Modulation, control, and applications of multilevel converters for power systems with high penetration of wind energy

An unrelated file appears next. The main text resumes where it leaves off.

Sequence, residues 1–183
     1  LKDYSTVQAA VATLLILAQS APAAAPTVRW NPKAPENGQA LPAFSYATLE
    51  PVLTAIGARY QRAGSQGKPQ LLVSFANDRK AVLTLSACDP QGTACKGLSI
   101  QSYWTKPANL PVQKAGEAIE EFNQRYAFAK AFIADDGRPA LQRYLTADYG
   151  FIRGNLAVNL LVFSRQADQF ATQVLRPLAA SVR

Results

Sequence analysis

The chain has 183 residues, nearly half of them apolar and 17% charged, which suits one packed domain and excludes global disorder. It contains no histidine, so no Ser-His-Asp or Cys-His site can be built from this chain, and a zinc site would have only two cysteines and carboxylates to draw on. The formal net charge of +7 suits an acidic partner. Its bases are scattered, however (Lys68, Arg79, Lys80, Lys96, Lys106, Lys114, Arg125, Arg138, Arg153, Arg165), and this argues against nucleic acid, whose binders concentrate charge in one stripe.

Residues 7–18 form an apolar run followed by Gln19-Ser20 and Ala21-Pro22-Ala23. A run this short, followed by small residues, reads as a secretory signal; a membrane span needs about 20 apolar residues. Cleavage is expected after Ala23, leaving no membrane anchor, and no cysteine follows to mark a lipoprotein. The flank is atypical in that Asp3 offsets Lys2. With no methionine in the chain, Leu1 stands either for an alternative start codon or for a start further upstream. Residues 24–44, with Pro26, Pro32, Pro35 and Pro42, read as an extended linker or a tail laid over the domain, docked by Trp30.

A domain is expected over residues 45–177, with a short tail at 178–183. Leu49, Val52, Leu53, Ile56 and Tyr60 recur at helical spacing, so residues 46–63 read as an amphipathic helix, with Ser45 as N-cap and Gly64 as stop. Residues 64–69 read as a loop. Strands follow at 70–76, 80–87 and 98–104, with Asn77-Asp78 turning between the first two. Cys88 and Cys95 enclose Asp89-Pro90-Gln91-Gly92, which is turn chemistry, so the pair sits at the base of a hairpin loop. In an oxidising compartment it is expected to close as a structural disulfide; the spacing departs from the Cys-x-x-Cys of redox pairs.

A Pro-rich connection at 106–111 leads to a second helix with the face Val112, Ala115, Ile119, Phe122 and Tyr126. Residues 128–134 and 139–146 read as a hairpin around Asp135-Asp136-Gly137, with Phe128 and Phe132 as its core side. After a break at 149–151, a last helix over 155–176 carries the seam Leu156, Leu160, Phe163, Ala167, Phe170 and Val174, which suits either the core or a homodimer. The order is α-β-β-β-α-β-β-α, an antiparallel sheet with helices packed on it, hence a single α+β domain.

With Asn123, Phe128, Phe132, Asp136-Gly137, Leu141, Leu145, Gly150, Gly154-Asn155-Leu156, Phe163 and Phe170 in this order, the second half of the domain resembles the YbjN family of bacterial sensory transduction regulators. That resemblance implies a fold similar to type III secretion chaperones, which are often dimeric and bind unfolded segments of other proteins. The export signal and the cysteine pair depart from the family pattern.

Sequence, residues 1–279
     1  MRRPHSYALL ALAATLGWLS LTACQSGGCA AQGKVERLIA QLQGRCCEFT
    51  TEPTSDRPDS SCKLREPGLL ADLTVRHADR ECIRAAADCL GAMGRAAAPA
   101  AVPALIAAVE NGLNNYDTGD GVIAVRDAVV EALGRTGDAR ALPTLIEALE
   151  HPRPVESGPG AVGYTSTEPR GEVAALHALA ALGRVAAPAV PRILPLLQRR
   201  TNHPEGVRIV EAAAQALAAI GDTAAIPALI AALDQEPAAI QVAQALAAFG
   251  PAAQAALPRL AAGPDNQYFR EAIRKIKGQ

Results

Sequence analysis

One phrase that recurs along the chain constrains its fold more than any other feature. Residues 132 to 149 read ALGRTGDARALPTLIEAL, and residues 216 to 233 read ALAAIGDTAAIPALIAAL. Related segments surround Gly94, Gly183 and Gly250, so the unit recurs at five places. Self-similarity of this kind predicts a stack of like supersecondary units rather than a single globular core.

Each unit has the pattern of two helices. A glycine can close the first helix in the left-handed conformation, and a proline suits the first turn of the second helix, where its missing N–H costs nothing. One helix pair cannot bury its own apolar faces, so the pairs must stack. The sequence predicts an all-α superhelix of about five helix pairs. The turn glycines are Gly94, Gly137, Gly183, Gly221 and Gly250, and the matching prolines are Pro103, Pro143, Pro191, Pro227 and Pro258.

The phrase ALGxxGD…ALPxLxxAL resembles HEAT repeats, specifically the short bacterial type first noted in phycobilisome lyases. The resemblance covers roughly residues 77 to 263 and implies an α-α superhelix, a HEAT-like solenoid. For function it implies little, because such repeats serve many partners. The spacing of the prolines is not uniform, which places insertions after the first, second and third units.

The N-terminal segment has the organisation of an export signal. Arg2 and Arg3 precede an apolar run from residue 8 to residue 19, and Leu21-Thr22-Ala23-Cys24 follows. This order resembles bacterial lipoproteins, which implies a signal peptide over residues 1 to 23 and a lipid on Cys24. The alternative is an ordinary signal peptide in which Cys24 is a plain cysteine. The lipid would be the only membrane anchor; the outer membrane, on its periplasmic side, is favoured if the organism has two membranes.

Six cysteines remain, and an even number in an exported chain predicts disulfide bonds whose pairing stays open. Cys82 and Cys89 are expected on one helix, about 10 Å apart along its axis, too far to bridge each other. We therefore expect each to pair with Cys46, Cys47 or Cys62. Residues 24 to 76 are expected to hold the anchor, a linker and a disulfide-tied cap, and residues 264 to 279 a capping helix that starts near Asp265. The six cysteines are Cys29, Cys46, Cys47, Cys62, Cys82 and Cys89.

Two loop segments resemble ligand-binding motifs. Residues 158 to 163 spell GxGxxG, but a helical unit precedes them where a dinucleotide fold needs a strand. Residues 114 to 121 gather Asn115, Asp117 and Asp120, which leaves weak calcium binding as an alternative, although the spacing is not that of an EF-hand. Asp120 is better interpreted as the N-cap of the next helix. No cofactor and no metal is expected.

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The proposed research focuses on developing modulation and control methods for multilevel converters so as to optimize their applications in wind energy generation and transmission. This dissertation first establishes the inherent relationship between the space vector modulation (SVM) and a phase-voltage modulation technique (called the nearest-level modulation): the two modulation methods are functionally equivalent. Consequently, a simplified SVM scheme for multilevel converters is proposed, which is independent of the level number of the converter and for the first time achieves the same easy implementation as phase-voltage modulation techniques. The three-level active neutral-point-clamped (ANPC) converter is well suited to control high-power wind turbine generators, but suffers from unequal power loss distribution among its semiconductor devices. This dissertation proposes a new modulation scheme, called the adaptive doubled frequency PWM (ADF-PWM), to achieve the power loss balancing control for the ANPC converter. In applications of high voltage direct current (HVDC) transmission systems connecting large wind farms over a long distance to a utility network, the modular multilevel converter (MMC) is the best choice, because of its modularity and scalability to meet any voltage level requirements. This dissertation proposes an optimized control method for the MMC based on the proposed simplified SVM scheme, which significantly improves the capacitor voltage balancing and circulating current suppression.